Big Bend is one the largest national parks in the United States. At over 800,000 acres, it’s roughly the size of Rhode Island! It’s also one of the least visited national parks, averaging only 300,000 visitors per year. By comparison, Great Smoky Mountains National Park averages 11 million visitors per year, and the Grand Canyon has 5.9 million. The area has many unique activities and sights to experience, but planning for a trip there can be a little complicated due to a lack of information online (which stems from it being one of the least visited parks). So to help y’all out with any trip planning you may be doing, here are 26 things to know before you go: Big Bend edition.
Border crossing in Big Bend is definitely one of the most unique experiences you can have in a US National Park. But there are a few things you should know before you go:
1. Bring your passport.
Many people don’t know that the opportunity to do a border crossing in Big Bend exists, so they don’t bring their passport along with them during their trip. Make sure to pack yours if you’re interested in visiting.
2. The port of entry is only open Wednesday through Sunday from 9am to 6pm, but during the winter this may change to 8am to 5pm.
It’s advisable to arrive back to the port at least 30 minutes before closing time. If you don’t make it back before closing time, you will have to wait until the next open day to return. So watch the clock closely if you’re venturing to Boquillas in the afternoon!
3. You can use your American dollars in Boquillas, so don’t bother exchanging any money.
There’s nowhere for you to exchange money in the port of entry (possibly not even in the park), so don’t worry about it. In fact, the locals actually prefer payment in USD.
4. It costs $5/person to take the “ferry” across the river border.
The ferry is actually just a rowboat, and it takes about three minutes to cross the river.
5. After that, you can either walk or ride a truck, horse, or donkey one mile into the town.
Walking is free. Horses run $8/person, donkeys and trucks are $5/person (all round trip).
6. A local guide will accompany you into town and stay close by until you return to the border crossing.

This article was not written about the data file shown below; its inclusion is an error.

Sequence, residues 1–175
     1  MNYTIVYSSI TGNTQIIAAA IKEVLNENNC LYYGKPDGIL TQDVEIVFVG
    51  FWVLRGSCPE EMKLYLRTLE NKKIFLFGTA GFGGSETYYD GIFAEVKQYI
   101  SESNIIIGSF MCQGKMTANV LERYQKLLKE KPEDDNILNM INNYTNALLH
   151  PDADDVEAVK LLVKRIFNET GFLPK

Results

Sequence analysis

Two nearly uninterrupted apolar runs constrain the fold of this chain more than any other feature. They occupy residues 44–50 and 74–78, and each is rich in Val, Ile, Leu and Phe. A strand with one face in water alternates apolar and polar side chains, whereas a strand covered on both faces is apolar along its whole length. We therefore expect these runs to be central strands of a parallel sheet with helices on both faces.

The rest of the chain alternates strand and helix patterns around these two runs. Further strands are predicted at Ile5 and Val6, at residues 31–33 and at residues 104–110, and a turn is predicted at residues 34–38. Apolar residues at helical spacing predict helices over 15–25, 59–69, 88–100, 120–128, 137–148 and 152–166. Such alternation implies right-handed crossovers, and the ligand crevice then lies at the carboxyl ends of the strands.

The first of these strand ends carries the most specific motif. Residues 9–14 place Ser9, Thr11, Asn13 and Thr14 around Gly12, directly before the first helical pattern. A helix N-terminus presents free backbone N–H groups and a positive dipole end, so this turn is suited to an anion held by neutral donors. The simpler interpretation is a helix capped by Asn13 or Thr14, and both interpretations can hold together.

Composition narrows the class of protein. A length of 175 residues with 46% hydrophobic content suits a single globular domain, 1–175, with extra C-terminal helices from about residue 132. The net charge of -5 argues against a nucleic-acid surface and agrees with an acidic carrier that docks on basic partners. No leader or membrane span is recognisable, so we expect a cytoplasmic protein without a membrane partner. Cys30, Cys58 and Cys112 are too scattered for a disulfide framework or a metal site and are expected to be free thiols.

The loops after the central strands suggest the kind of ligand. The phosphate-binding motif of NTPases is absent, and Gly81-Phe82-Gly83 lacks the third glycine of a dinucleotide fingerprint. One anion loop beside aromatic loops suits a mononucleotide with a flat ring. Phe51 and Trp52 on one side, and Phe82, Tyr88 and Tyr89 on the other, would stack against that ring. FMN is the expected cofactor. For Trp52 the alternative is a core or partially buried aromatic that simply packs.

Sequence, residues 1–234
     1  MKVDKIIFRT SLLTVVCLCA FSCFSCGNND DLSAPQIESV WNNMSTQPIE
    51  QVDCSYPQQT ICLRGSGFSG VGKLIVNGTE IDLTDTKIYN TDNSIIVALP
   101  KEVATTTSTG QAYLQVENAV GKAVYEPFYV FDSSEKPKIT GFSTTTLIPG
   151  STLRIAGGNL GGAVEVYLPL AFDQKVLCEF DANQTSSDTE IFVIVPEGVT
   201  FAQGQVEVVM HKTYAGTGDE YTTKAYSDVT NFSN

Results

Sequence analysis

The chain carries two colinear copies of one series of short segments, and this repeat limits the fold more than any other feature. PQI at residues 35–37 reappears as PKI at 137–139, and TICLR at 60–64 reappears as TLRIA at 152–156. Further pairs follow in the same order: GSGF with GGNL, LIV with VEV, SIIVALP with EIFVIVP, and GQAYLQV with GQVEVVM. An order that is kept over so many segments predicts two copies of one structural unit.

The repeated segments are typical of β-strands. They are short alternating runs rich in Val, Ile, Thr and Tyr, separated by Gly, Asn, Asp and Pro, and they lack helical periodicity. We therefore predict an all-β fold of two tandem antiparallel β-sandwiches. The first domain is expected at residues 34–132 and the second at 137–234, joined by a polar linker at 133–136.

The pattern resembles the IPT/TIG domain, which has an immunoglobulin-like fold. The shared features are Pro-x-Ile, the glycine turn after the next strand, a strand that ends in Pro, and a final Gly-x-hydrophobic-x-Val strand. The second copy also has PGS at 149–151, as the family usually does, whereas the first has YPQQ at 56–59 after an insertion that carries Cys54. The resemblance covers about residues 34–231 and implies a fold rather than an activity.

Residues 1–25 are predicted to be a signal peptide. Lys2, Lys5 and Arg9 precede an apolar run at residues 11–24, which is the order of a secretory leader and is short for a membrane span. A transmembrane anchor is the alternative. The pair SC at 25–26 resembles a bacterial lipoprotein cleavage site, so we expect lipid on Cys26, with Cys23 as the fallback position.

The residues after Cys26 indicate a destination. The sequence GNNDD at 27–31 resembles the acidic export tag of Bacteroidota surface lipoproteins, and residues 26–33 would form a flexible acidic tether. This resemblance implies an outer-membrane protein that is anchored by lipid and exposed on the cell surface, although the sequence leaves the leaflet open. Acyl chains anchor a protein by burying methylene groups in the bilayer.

Ours spoke wonderful English and was very kind. We ended up giving him a tip before our departure, which he greatly appreciated.
7. There are a few restaurants, which all offer delicious food, making this a great lunch destination.
We ate at Jose Falcon’s and had some of the best enchiladas ever! We scarfed them down with some Mexican cokes, which was a welcome change from the camp food we had been eating all week.
8. The locals will display handicrafts and souvenirs which are available for purchase.
When you spend money, you’re helping the local citizens. So go ahead and have a beer or two, and buy a cute little wire sculpture of a roadrunner.
9. Be aware of prohibited items.
You can’t bring back rocks, minerals, fossils, anything with animal bones or parts, unfinished wood products, raw meat, fruit or vegetables, bottles of alcohol, or tobacco. They will brief you on this at the port of entry before you depart for Mexico.
10. And make sure that when you purchase Mexican souvenirs, you purchase them on the Mexican side of the border.
Apparently, some vendors set up shop on the US side, and this is a customs issue. We didn’t see this happen, but we heard enough about it that it’s definitely worth mentioning.
11. If you have more time to spend in Boquillas, you can do horse trips to the canyons, hot springs, and mountains.
Most tourists only venture into the town (like we did), but these are also options.
12. When you return, you scan your passport and will be connected to the US immigration office in El Paso via a kiosk in the port of entry.
They’ll ask you the standard questions: What was the purpose of your border crossing in Big Bend? What are you bringing back? Then you’re done!
13. You will not get a passport stamp.
Sad face. For you stamp collectors out there, you won’t get proof of your visit to Mexico, you’ll only get the memories!
Safe travels and happy wanderlusting, friends!
Sometimes the best cure for your between adventure blues is a mini adventure.
With our Canada trip in the past, and no real plans for our next destination, I was in need of an adventure this past weekend.
So I decided to spend my MLK holiday exploring Houston, with the BAPS Shri Swaminarayan Mandir as the main event.
Welcome to the Live Music Capital of the World! And one of my favorite cities ever!
I always cringe a little bit when people say that Austin is “mostly known” and/or only good for its nightlife. There is soooo much more to the city!
It’s hard to narrow down a lot of these categories because there is so much in Austin! I haven’t been able to try the majority of the most famous food/dessert places, bars, shops, and other activities in the city, so here I listed the places that are tried and true to me.